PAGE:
ZINTAN, Libya (Reuters) - Forces loyal to Libyan leader Muammar Gaddafi retook on Wednesday a village south of the capital seized by rebels a week ago, delivering a setback to rebel plans for a march on Tripoli.
The loss of the village of Al-Qawalish, about 100 km (60 miles) from Tripoli, underlined the faltering pattern of the rebels’ advances that has led some of their Western backers to push for a political solution to the conflict.
Gaddafi’s forces then pushed beyond Al-Qawalish to the outskirts of Al Qalaa and Kikla, two nearby villages to the north.
A Reuters reporter said he saw four or five ambulances speeding away from the front line in the direction of Zintan, where the rebels have a hospital.
Doctors at Zintan hospital said two rebels had died and 12 were wounded in the fighting.
Hundreds of rebels fanned out into the hills about 10 km (6 miles) north of Al-Qawalish as they began a counterattack. Puffs of black smoke rose from the hillside where mortars fired by government troops were landing.
A fighter for the rebels said they would use the same tactics to retake Al-Qawalish as they did a week ago when they seized control of the town. “It’s the same battle,” he said.
Scores of rebels in about a dozen pickup trucks with heavy weapons mounted on the back shouted, “Allahu Akbar,” or “God is Greatest” as they drove in a convoy back towards Al-Qawalish.
“The rebels intend to reach the village by nightfall,” said Moktar Lakdar, a rebel commander.
A Reuters team had been in Al-Qawalish on Wednesday morning when pro-Gaddafi forces began their assault on the village.
Small arms fire broke out in the east of the village and shells landed nearby. Soon after, several truckloads of rebel fighters sped away from the attacking government forces, with one shouting, “Go, go, it is not safe here!”
Rebel forces had been planning to use Al-Qawalish as a staging post to take the nearby town of Garyan, which controls access to the main highway heading north to Tripoli.
The conflict in Libya started out as a rebellion against Gaddafi’s 41-year-rule. It has now turned into the bloodiest of the “Arab Spring” uprisings convulsing the region and has embroiled Western powers in a prolonged conflict they had hoped would swiftly force Gaddafi out of power.
The Libyan leader is refusing to quit and the rebels have been unable to make a decisive breakthrough towards the capital despite support from Western warplanes.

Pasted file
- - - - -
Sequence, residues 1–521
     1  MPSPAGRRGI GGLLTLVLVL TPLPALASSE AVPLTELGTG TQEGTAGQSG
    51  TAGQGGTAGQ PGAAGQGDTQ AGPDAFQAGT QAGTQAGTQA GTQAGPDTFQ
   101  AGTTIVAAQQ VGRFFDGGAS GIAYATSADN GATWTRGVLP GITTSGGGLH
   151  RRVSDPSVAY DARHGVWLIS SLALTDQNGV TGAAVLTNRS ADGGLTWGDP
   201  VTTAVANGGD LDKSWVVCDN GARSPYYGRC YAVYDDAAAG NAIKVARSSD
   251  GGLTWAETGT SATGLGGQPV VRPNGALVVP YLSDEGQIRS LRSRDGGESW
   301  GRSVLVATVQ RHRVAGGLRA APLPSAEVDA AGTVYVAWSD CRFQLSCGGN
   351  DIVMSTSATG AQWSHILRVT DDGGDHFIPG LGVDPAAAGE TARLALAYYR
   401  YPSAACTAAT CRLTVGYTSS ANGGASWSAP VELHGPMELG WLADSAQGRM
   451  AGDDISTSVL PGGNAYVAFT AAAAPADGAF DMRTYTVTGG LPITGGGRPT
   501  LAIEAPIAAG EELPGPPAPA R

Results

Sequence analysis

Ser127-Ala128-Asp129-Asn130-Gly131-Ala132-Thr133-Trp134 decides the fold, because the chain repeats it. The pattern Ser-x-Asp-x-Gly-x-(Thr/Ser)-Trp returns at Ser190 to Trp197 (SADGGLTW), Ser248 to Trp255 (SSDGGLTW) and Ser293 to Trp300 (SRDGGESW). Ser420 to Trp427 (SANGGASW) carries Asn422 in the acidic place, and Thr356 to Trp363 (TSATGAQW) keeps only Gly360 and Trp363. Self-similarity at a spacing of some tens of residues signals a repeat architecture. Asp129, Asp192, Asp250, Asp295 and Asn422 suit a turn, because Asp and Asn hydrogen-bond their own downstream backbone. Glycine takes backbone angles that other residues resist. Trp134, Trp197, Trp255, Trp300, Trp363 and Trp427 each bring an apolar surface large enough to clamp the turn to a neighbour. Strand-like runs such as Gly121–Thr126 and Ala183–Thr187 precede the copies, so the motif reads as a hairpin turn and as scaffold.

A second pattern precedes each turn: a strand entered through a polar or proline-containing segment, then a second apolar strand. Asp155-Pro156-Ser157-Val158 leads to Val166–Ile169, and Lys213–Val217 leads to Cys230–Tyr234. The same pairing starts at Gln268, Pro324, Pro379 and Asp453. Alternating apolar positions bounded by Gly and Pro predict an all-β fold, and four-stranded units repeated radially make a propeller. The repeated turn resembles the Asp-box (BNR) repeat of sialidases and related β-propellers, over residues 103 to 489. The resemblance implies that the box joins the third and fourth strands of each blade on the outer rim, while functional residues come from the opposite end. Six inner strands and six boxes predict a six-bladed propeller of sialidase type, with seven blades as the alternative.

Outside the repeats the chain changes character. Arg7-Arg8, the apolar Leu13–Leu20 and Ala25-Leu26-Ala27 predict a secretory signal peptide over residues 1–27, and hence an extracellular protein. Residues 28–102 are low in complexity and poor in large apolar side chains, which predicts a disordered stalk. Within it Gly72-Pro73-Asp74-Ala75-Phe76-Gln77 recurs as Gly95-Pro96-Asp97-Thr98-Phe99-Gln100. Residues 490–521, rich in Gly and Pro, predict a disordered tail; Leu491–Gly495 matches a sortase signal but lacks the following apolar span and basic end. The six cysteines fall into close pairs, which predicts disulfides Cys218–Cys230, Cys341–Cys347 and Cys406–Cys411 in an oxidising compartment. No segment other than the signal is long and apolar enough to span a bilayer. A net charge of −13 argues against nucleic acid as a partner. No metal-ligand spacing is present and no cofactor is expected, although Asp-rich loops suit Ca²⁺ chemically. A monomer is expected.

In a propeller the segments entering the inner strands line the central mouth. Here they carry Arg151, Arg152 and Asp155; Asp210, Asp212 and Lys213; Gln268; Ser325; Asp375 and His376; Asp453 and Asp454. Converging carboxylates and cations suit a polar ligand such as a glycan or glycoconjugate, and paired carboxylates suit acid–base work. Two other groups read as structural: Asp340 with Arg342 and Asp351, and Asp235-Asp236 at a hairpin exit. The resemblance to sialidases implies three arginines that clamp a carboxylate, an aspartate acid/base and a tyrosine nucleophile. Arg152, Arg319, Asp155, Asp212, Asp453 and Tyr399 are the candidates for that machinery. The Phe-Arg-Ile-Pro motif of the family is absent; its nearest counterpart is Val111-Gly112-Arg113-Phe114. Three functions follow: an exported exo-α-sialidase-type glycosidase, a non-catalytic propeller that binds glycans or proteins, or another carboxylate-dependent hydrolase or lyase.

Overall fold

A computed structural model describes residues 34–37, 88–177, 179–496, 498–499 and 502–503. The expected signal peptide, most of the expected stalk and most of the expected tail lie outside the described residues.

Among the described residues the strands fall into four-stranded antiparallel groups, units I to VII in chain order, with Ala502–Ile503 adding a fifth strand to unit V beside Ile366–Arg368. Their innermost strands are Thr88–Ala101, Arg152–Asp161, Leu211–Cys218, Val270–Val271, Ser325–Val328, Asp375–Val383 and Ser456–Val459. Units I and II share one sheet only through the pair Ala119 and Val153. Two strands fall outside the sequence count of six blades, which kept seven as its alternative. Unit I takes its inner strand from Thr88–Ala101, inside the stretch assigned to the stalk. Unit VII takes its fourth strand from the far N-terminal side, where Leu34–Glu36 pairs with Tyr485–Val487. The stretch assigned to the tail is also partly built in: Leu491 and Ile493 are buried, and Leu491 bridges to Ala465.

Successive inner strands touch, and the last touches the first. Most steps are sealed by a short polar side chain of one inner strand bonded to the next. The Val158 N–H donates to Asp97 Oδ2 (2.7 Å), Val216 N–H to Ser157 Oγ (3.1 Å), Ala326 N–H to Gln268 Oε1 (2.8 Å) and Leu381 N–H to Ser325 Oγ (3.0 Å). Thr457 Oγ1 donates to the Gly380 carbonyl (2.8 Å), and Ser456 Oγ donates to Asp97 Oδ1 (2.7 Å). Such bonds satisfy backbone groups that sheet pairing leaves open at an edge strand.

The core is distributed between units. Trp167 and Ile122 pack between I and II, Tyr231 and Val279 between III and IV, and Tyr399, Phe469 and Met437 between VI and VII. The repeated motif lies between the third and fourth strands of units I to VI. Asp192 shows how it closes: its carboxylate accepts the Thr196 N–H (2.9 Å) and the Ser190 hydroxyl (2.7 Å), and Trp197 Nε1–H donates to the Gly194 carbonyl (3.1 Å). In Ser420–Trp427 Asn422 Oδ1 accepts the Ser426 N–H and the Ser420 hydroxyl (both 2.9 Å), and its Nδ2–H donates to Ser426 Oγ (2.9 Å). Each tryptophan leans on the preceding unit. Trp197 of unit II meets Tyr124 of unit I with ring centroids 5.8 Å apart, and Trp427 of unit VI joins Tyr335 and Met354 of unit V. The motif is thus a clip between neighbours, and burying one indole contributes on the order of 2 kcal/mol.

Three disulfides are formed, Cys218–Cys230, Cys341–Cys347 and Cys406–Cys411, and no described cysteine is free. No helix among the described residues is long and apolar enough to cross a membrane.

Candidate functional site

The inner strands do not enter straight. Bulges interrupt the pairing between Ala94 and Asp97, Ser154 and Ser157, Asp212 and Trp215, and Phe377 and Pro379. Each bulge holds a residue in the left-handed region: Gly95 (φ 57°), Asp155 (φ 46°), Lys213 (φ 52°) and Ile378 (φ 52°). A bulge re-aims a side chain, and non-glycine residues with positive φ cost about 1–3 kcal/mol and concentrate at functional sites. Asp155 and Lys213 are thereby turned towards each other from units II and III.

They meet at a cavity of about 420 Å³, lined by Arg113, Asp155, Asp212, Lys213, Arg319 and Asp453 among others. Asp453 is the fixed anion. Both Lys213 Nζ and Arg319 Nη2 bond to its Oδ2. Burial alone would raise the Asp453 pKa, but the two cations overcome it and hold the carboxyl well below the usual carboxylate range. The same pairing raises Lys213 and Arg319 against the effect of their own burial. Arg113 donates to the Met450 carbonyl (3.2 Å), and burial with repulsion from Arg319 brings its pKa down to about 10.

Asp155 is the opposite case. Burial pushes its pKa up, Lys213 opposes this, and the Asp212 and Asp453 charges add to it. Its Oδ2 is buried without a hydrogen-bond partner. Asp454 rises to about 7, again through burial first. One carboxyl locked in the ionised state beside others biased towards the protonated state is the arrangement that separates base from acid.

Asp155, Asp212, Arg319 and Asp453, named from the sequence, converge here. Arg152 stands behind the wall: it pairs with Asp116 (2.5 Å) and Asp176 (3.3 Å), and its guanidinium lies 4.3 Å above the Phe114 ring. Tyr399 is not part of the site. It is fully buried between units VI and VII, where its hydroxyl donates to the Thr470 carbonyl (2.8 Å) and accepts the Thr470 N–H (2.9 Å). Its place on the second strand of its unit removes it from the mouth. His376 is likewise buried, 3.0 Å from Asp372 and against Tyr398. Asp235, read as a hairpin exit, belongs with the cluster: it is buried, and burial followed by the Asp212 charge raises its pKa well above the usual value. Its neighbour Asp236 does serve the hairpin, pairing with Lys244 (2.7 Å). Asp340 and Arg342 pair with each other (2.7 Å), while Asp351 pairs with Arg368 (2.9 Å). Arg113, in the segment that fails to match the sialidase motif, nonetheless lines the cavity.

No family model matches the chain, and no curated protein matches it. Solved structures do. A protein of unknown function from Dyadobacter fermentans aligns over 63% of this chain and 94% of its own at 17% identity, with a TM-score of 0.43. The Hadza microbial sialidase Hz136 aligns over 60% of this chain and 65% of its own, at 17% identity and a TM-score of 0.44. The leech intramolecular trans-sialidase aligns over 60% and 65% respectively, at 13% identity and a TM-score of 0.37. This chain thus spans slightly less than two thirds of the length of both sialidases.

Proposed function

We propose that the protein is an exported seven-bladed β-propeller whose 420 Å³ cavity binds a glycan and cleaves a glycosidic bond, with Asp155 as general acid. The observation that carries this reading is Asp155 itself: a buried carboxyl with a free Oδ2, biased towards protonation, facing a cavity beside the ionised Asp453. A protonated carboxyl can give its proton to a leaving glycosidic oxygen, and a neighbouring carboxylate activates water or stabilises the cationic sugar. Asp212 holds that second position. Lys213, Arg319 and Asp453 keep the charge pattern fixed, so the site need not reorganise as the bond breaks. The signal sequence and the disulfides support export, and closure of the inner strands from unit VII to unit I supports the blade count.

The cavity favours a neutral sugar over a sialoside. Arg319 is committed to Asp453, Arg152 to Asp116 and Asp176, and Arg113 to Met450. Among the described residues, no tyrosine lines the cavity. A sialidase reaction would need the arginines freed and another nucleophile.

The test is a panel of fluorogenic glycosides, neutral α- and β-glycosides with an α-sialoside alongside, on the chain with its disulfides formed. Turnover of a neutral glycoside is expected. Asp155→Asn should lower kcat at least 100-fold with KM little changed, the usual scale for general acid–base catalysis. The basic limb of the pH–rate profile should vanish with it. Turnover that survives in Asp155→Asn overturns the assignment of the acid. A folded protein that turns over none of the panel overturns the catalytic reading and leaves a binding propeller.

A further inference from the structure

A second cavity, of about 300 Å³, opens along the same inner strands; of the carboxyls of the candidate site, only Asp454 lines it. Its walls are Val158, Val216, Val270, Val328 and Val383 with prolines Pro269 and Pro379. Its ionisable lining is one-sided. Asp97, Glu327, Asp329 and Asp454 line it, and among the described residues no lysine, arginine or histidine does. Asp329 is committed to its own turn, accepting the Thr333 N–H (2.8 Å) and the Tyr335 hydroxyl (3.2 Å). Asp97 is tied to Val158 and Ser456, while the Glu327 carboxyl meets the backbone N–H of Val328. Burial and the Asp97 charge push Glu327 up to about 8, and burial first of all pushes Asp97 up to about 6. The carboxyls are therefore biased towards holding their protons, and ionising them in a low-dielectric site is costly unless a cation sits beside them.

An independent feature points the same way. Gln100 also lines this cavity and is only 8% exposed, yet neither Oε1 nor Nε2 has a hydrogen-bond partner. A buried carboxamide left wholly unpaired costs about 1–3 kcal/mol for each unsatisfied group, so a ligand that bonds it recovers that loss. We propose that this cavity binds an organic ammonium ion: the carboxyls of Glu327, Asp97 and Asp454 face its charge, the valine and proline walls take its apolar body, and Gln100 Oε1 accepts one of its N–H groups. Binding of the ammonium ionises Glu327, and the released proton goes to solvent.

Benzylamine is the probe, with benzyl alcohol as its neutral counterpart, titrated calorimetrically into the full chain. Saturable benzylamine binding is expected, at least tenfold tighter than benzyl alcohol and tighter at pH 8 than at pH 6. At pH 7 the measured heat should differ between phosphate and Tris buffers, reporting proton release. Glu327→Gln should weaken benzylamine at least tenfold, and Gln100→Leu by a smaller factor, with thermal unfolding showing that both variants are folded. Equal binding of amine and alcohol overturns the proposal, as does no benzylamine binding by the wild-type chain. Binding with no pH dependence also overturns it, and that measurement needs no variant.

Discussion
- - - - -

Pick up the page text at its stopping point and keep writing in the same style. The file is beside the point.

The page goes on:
France said on Tuesday a political way out of the conflict was being looked at and that Gaddafi’s emissaries had been in contact with NATO members to say he was ready to leave power.
“A political solution is more than ever indispensable and is beginning to take shape,” French Prime Minister Francois Fillon said in Paris.
But it was not obvious how negotiations could persuade Gaddafi to quit, especially at a time when the Western alliance ranged against him is showing signs of wavering.
French President Nicolas Sarkozy is under pressure to find a quick solution. He gambled by taking a personal role in supporting the rebels, but is now anxious to avoid costly military operations running into the start of campaigning for the April 2012 presidential election.
Washington expressed doubts about peace overtures from Gaddafi emissaries. A State Department spokeswoman said the “messages are contradictory” and there is no clear evidence “Gaddafi is prepared to understand that its time for him to go.”
Revealing fresh strains inside NATO about the cost and duration of the Libyan operation, British Defence Minister Liam Fox said other alliance members were not pulling their weight and described some states’ contributions as “pathetic.”
“The United States is willing to spend on defence, Britain is willing to spend on defence and deploy. Far too (many) of our European partners inside NATO are still trying to get a free ride, and they should regard Libya as a wake-up call,” Fox said in London.
The rebel National Transitional Council, based in the eastern Libyan city of Benghazi, received a diplomatic boost on Wednesday when Belgium, Luxembourg and the Netherlands recognised the council as Libyans’ legitimate representative.
The Benelux countries joined more than 20 nations that have already granted the council recognition.